In a recent interview, physician and epidemiologist Jonathan Samet, dean of the Colorado School of Public Health, stated that "[t]here is some evidence from epidemiological studies and other research on the biological effects that electromagnetic radiation could cause cancer." Samet also reminded the public that it's still too early for a definite answer – as declared by him, it took 20 to 25 years after the mass production of cigarettes for the connection between lung cancer and smoking to be noticed.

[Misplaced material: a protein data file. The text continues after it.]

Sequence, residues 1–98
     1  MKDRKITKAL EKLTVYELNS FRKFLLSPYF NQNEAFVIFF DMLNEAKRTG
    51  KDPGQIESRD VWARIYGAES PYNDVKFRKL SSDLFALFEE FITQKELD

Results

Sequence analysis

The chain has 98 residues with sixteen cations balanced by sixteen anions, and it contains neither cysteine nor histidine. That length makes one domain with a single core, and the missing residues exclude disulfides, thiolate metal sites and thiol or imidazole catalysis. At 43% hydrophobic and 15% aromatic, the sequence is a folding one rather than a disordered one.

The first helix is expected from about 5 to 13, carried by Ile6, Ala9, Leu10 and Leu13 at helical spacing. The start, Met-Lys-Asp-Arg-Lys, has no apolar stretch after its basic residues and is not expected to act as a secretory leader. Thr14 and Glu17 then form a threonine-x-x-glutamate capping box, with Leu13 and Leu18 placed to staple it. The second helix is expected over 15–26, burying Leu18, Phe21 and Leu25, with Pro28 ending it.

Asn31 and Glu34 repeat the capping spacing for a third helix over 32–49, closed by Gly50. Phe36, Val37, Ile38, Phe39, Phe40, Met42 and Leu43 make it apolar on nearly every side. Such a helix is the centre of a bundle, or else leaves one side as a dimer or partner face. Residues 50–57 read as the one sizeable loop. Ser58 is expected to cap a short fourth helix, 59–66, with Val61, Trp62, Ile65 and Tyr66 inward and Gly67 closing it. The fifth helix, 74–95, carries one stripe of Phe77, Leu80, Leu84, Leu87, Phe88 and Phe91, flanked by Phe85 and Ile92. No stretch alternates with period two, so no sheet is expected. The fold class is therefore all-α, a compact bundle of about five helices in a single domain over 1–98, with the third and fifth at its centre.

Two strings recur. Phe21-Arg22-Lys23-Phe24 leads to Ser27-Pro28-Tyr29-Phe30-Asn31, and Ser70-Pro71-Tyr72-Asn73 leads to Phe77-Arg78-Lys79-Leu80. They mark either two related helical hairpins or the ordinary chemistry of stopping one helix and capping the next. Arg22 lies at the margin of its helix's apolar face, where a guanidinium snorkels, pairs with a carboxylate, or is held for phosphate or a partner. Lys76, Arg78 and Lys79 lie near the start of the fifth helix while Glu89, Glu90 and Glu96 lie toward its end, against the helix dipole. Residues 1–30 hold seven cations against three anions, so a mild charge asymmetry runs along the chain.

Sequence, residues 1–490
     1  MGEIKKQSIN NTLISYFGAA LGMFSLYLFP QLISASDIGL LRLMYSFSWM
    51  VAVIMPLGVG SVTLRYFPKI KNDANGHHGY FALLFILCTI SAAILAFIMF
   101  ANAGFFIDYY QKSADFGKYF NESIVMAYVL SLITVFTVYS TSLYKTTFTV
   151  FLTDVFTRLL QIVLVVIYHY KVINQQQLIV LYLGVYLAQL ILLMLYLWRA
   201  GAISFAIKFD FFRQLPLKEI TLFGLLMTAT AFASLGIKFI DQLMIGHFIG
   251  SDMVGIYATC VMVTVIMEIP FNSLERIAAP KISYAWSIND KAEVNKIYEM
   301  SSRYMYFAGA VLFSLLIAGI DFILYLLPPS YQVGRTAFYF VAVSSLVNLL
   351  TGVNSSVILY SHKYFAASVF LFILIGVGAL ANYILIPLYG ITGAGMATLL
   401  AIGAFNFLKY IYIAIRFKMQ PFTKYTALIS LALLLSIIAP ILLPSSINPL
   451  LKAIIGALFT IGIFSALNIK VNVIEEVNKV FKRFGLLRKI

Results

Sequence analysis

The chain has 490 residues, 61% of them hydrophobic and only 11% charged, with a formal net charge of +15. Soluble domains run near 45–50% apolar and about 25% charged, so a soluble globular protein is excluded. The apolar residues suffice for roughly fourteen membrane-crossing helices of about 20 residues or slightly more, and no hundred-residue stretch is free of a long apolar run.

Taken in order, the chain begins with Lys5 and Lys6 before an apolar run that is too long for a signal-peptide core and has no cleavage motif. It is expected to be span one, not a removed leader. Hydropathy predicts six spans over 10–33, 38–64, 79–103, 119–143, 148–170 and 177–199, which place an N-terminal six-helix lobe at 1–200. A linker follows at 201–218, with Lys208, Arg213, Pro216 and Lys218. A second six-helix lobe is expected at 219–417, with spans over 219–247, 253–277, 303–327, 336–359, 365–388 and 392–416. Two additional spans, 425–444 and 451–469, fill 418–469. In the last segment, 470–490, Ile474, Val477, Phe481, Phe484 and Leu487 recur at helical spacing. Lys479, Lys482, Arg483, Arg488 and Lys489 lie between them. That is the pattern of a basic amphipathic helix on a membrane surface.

In early 2018, scientific journal Nature published an interesting study on insect exposure to radio-frequency electromagnetic fields between the range of 2 and 120 GHz. This was the first paper to examine the absorption rate of millimeter-wavelength radio-frequencies associated with 5G communication. Four species of insects were observed: the Australian stingless bee, the Western honeybee, the desert locust, and the beetle (Geotrupes Stercorarius). The study has found that "the absorbed power in insects is expected to increase in unchanged environmental conditions with respect to the one of current wireless communication systems (3 G and 4 G)." What this increased absorption will eventually result in, and whether the conclusion would be the same with larger animal species (including ours), is yet to be known.